Mad Man Charlie Peters Comes To Washington, Part One

We all know Kennedy’s line how success has a thousand fathers, and failure is an orphan. We know, too, those of us who follow those early years of the Peace Corps, that everyone who was there at the beginning, in one way or the other, winks and whispers, ‘well, if it wasn’t for me….’

The truth is that the backbone of the Peace Corps creation was Warren Wiggins and Bill Josephson and their ‘Towering Task’. That paper gave Shriver the spear he needed to carry. Harris Wofford was the philosopher/king of the Peace Corps, with his grand vision for the agency and the Volunteers. (Charlie Peters once said to me that everyday Wofford had a thousand new ideas and 999 of them were worthless, but the one good idea left was brilliant!)

We know, too, that Bill Moyers with his connection to LBJ saved the Peace Corps from being part of AID, and his role as Associate Director for Public Affairs created the image, the myth, and the mythology of the Peace Corps that has lasted all these years.

There was one other central person who really mattered in how the Peace Corps was developed, the man who from almost day one kept the agency on the straight and narrow, a person, Wiggins said, who had one of the “few first class minds” at the Peace Corps, and that was Charlie Peters, Chief of the Division of Evaluation.

Charlie was not a Mad Men type, (but he was really a Mad Man!). He would never have made it into the script, but he would have if this program was real and not made for t.v. 

Charlie was from West Virginia. He was a small town lawyer and a state legislator. He was more of out the pages of Robert Penn Warren’s All the King’s Men then Madison Avenue world of advertising, but a good script writer (or novelist) would know they had a jewel in Charlie. Charlie Peters was the real deal. Ask any of the Evaluators who worked with him in those early years.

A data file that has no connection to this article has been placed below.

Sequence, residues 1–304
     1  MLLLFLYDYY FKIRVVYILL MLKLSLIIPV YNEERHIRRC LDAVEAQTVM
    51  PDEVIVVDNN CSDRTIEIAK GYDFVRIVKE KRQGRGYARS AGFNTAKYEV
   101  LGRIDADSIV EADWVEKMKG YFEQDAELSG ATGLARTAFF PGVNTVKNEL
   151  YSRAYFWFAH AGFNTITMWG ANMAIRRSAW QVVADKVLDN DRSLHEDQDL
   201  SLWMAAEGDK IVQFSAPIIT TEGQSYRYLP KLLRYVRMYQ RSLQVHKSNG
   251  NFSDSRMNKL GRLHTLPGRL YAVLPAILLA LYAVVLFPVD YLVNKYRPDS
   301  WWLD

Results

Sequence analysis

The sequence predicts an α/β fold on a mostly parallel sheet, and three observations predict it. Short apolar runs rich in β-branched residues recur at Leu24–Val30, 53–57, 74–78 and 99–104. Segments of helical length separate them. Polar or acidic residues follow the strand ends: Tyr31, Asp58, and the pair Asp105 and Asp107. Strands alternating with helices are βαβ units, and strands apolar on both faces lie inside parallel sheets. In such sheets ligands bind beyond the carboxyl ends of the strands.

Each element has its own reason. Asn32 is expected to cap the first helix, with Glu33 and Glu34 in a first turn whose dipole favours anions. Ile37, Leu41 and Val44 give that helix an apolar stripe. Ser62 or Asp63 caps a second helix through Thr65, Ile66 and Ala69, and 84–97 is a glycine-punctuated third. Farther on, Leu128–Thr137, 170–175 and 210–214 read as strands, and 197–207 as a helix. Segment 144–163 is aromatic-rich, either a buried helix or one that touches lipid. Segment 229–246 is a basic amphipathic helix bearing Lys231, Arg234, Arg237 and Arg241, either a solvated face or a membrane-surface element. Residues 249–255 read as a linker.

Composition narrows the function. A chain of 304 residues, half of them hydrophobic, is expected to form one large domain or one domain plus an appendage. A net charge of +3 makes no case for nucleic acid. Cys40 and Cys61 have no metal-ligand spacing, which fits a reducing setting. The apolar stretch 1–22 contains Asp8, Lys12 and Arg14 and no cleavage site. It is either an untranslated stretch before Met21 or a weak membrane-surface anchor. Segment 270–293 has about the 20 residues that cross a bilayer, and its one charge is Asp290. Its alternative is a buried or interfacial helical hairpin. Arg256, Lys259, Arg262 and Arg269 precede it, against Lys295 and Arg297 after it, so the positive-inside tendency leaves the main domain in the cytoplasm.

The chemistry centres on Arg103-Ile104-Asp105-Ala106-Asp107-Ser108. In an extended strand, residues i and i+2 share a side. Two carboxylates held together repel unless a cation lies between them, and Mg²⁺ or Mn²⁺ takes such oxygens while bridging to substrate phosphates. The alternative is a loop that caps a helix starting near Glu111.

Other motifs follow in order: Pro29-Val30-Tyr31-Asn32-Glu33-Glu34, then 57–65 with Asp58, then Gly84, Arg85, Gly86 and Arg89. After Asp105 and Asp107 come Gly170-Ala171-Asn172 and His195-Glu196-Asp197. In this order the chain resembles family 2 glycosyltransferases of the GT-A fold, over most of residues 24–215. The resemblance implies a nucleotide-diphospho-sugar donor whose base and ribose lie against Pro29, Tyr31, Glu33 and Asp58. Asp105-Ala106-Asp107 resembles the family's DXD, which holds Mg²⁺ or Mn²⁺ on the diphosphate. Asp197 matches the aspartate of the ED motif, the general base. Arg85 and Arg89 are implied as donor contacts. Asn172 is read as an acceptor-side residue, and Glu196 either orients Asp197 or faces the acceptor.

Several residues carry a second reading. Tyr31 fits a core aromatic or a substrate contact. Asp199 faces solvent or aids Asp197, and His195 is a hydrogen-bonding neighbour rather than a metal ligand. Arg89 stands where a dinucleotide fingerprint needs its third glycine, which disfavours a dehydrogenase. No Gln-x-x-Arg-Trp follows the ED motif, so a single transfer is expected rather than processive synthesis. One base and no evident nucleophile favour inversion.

Charlie came from an important family in the rural West Virginia and he managed JFK’s successful campaign for the presidency, no easy thing to sell a Boston Catholic in that Protestant state.

During the 1960 campaign Charlie impressed everyone from Washington, everyone in the New Administration, all those Irish Boston Mafia: Larry O’Brien, Kenny O’Donnell, Bobby Kennedy, and when they asked Charlie what job he wanted in Washington, Charlie Peters said he wanted to work in the Peace Corps. They could have shit!

Kenny O’Donnell, for one, hated the whole idea of the Peace Corps. He told Bill Haddad, who ended up in the Peace Corps himself, that the Peace Corps was just a ‘campaign gimmick, a kooky, liberal reform idea.” 

O’Donnell was part of the pragmatic Kennedy camp, as Coates Redmon pointed out in her book. Peters, however, coming from the back of the beyond, Charleston, West Virginia, had a vision of the future.

The Kennedy team owed Charlie for winning West Virginia so Kenny O’Donnell called Shriver and told him that Charlie Peters wanted to be part of the new Peace Corps. And to O’Donnell’s credit, he told Sarge that Charlie was the greatest thing since sliced bread.

Word spread quickly among the Mad Men that a great man was coming out of West Virginia to join the new administration. A great man who only wanted to work with the Peace Corps. He was coming to the Peace Corps with high praise from Kenny O’Donnell, Larry O’Brian, and Bobby Kennedy himself.

But who was Charlie Peters?

Shriver and the Mad Men would soon find out.

[End of Part One]

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  • True enough. Charley was as unlike the other egomaniacs in the early Peace Corps, but he was – in his own way – an egomaniac. His idea of a discreet, almost underscover, Evaluation Division helped Peace Corps end bad programs, exit poor staff, and keep Peace Corps Washington’s eye on the ball: what was happening overseas.
    He had no sentimental interest in Peace Corps Volunteers as such. He didn’t think we were “special.” That was a good mind set in those early days when Volunteers liked to make Washington-types think they really did walk on water.

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